One reason for this constancy is the statute's generality.  "As a charter of [economic] freedom, the [Sherman] Act has a generality and adaptability comparable to that found to be desirable in constitutional provisions."   Appalachian Coals, Inc. v. United States, 288 U.S. 344, 359-360, 53 S.Ct. 471, 77 L.Ed. 825 (1933).  The substantive portions of the Sherman Act's two basic provisions, which are set forth below, comfortably fit on half a page, yet the judicial decisions and commentary that give them shape fill volumes.  The principal consequence of this generality is that real antitrust law, i.e., law with sufficient specificity and generality to apply with confidence and precision, is almost entirely judge-made.  Hundreds of judicial decisions—principally those of the United States Supreme Court—constitute the sum and substance of antitrust law.

3.  If antitrust law resembles constitutional law in this respect, the likeness is no accident.  Thomas Jefferson originally wanted to include a prohibition against monopolies, like that in the old English Statute of Monopolies, in our Bill of Rights.  See Graham v. John Deere Co., 383 U.S. 1, 7-9, 86 S.Ct. 684, 15 L.Ed.2d 545 (1966).  Eventually, he accepted the argument that "ingenuity should receive a liberal encouragement[.]" Id., 383 U.S. at 8, quoting Letter to Oliver Evans (May 1807), V Writings of Thomas Jefferson, at 75-76 (Washington ed.). He therefore endorsed our Constitution's Patent and Copyright Clause.  With its limitations of time and purpose, that Clause strongly suggests that free competition is the rule of our national economy and state-granted monopolies like patents and copyrights the exception.  The fact that the general rule appears only by negative implication in our Constitution is largely an accident of history.  See Jay Dratler, Jr., "Does Lord Darcy Yet Live? The Case against Software and Business-Method Patents," 43 Santa Clara L. Rev. 823, 823-830 (2003).

In any event, the pregnant negative in the Patent and Copyright Clause gave birth to the Sherman Act a century later.  Today there is little doubt that the Sherman Act is as fundamental to our nation's economic constitution as the Bill of Rights is to our political constitution.   As Justice Thurgood Marshall so eloquently put it:
    "Antitrust laws in general, and the Sherman Act in particular, are the Magna Carta of free enterprise.  They are as important to the preservation of economic freedom and our free-enterprise system as the Bill of Rights is to the protection of our fundamental personal freedoms.  And the freedom guaranteed each and every business, no matter how small, is the freedom to compete--to assert with vigor, imagination, devotion, and ingenuity whatever economic muscle it can muster."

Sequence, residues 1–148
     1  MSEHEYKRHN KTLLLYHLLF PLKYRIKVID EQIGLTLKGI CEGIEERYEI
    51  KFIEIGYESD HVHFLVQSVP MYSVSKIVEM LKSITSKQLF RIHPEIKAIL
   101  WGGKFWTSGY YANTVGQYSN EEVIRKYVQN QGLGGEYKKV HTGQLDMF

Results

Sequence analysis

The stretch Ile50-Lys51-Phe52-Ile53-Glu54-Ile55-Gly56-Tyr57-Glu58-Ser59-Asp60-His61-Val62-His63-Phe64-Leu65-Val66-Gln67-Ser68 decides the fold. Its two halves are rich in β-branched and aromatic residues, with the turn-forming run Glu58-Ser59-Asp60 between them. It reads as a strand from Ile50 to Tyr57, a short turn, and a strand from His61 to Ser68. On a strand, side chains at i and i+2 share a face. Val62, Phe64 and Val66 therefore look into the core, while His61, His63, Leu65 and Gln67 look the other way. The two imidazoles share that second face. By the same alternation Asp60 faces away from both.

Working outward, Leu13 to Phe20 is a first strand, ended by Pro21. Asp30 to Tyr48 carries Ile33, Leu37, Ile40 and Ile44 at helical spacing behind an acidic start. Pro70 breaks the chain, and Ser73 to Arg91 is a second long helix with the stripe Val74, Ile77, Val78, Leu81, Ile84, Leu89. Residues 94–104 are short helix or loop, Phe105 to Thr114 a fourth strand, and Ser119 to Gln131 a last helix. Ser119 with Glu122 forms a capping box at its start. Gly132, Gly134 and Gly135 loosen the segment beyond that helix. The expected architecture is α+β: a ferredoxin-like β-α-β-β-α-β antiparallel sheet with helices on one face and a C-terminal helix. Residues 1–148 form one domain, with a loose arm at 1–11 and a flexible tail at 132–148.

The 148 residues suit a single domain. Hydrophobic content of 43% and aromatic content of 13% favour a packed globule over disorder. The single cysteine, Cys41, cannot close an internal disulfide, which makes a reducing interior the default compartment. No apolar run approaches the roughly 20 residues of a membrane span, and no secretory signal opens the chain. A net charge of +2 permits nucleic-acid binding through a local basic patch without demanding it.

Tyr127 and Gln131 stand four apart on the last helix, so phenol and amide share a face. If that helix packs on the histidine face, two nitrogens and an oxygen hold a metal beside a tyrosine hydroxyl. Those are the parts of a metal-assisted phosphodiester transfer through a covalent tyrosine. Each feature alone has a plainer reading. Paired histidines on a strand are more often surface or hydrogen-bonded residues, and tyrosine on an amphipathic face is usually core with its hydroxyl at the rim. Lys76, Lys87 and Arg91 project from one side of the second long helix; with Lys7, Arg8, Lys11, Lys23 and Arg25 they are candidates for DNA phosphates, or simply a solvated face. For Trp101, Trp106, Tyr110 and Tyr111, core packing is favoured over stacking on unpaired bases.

United States v. Topco Associates, Inc., 405 U.S. 596, 610, 92 S.Ct. 1126, 31 L.Ed.2d 515 (1972).

Thus, antitrust law resembles the Constitution in three respects.  First, it is vital to the very structure of our society, in particular, to the operation of our national economy.  Second, its basic provisions are general and require interpretation by the courts.  Third, because the courts (absent action by Congress) give antitrust law its form and detail, the nine philosopher kings and queens who sit on the Supreme Court largely control its substance.  Although this state of affairs may seem strange in a democracy, it does have its advantages.  The courts are often less susceptible to lobbying and political pressure, and more amenable to impartial reason (including new economic learning), than the Congress might be.

4.  The Sherman Act has two basic provisions.  Section 1 outlaws contracts, combinations, and conspiracies in restraint of trade.  As its subject suggests, it focuses on concerted or collective action by which private parties attempt to suppress competition through private agreement.  Classic examples of illegal agreements under Section 1 are agreements by which competing producers fix the prices at which they will sell their products ("price fixing"), or by which competing construction firms agree which among themselves which will submit the low bid for a public works projects ("bid rigging").

In contrast to Section 1, Section 2 deals primarily with unilateral action by a single firm in unlawfully obtaining, extending, maintaing, or attempting to obtain a monopoly of a defined market.  Section 2 does not outlaw having a monopoly, if it was achieved by lawful means, such as winning in hard competition.  Section 2 does, however, outlaw gaining, maintaining or extending a monopoly (even one property achieved) by improper means, i.e., conduct designed to crush, rather than promote, competition.  The European phrase for the same offense—"abuse of dominant position"—much better describes the essence of the offense than any term common in American practice.